Don’t you hate it when you’re in the elevator with a stranger and neither of you says anything? Or when you’re waiting for a meeting to start and the silence is deafening? It can be uncomfortable, awkward, and stressful.
That’s why we need to be able to alleviate tension in those situations, and one of the best ways to do that is often small talk.
[ctt template=”3″ link=”6Ji1e” via=”yes” ]‘People will never forget how you made them feel.’ – Maya Angelou[/ctt]
If you can relieve people’s tension, they will appreciate it. You probably already know people at the office who seem to be able to create small talk with ease, and perhaps you wish you were more like them.
You can be that person.
We all know that sports and weather are easy topics, yet most people don’t want to create small talk about sports or weather because it often sounds forced. However, it doesn’t have to be a long conversation about sports or weather. Try these:
“It looks like spring is finally here! Have you gotten out into the yard yet?”
“It is much colder outside today than it looks, isn’t it?”
The other person will likely make some type of reply, and that will start the conversation. If they don’t reply, maybe re-evaluate either your small-talk starter or their interest in having a conversation with you.
When we’re in an awkward, silent situation, it’s too easy to pick up our mobile phone and have a side-conversation with a friend or browse a social media site. That may make you feel a bit better, but it won’t alleviate the tension in the meeting room and it won’t connect you to the people who are sitting in there with you, waiting for the meeting to start. It is avoidance, and it’s usually not the best idea for you or for the people you’re with because it’s alienating rather than connecting.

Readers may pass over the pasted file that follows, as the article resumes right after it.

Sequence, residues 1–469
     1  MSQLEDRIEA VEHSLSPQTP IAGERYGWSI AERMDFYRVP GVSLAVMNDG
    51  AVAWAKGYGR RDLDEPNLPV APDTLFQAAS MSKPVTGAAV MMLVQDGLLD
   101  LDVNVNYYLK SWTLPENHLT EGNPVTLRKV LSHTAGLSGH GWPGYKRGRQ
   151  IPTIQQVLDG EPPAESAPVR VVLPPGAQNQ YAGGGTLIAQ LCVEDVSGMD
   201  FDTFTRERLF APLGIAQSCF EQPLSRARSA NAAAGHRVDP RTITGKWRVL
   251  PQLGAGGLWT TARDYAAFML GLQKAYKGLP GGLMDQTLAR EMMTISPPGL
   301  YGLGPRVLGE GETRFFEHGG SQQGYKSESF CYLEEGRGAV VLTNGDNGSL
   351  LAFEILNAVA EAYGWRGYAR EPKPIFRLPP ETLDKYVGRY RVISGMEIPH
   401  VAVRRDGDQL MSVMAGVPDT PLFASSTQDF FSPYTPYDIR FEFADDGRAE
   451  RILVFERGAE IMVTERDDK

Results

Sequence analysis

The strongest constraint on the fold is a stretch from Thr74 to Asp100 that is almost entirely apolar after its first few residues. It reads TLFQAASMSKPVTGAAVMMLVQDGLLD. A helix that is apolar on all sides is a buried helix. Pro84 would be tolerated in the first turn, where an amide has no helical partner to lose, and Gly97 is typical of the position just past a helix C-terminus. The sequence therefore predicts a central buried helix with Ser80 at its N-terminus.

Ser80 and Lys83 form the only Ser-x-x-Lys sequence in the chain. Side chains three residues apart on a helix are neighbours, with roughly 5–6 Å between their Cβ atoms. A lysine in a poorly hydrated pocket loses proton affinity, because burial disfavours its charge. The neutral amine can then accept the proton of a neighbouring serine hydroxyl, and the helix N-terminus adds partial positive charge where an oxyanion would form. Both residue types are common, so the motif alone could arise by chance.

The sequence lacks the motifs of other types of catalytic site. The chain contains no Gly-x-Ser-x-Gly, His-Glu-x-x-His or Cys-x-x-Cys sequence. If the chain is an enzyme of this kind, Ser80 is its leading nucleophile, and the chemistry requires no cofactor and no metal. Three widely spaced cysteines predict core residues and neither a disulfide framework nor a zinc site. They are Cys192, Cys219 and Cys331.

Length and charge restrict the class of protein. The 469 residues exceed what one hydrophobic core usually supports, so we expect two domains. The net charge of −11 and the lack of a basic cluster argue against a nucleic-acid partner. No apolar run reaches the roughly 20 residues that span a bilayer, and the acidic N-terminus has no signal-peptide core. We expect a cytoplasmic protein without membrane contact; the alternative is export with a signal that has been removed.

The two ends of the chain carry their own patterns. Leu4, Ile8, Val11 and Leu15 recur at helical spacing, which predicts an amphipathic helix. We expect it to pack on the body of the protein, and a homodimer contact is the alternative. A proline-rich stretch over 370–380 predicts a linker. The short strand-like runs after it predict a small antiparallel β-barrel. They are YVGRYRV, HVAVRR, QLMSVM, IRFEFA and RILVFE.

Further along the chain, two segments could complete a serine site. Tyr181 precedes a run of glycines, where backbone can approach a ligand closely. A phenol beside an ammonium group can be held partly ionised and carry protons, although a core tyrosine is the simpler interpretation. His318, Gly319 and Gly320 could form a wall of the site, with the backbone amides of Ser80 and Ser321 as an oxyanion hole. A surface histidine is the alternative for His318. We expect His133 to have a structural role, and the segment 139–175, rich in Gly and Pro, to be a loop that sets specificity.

How other people feel when they are with you is important. Make them feel comfortable. Make them feel like you are interested in them (and actually be interested in them). Make them feel good about being in your company.
[ctt template=”3″ link=”ax90W” via=”yes” ]Do you struggle with small talk too? Here is a great article that gives tips on what to do and what to say[/ctt]
Here are some topics for small talk:
– The weather
– The reason you are wherever you are.
– How long they’ve worked at your company (anything company-related is okay as long as it isn’t negative or gossip).
– Light humor to make people laugh. My favorite thing to do is to make a joke in the elevator. Everyone is uncomfortable standing there in complete silence. People are either looking at their mobile phone or watching the numbers of the floors change. I’ll sometimes make a joke along the lines of, “I wonder what we would do if the numbers went out of sequence” or “I think I’d better drive this elevator, you looked too stressed right now.” I usually get a light laugh and often a response. Once I get a response, a conversation usually begins, and the situation becomes much easier for both of us. Even if I get no response, I’ve broken the uncomfortable silence a bit.
Of course, there are things we should never talk about in small-talk situations:
– Political views or opinions
– Religious beliefs or opinions
– Anything racially charged
– Anything negative (don’t complain about the boss, the government, or your paycheck). I am even careful about complaining about the weather and prefer to use a little humor instead. Instead of complaining about the amount of snow we have had, I’ll say, “This has been a great year for skiers. Are you a skier? Do you love all this snow?”
– Gossip (even if you believe it to be fact).
– Don’t talk about others. If you wouldn’t say it if that person was standing in the elevator, don’t say it if they aren’t in the elevator.
Take a chance. Start practicing a little small talk on a stranger. What have you got to lose? At the very least, you’ll get a funny story out of their reaction, and you just might meet a new friend.
Article By, Rhonda Scharf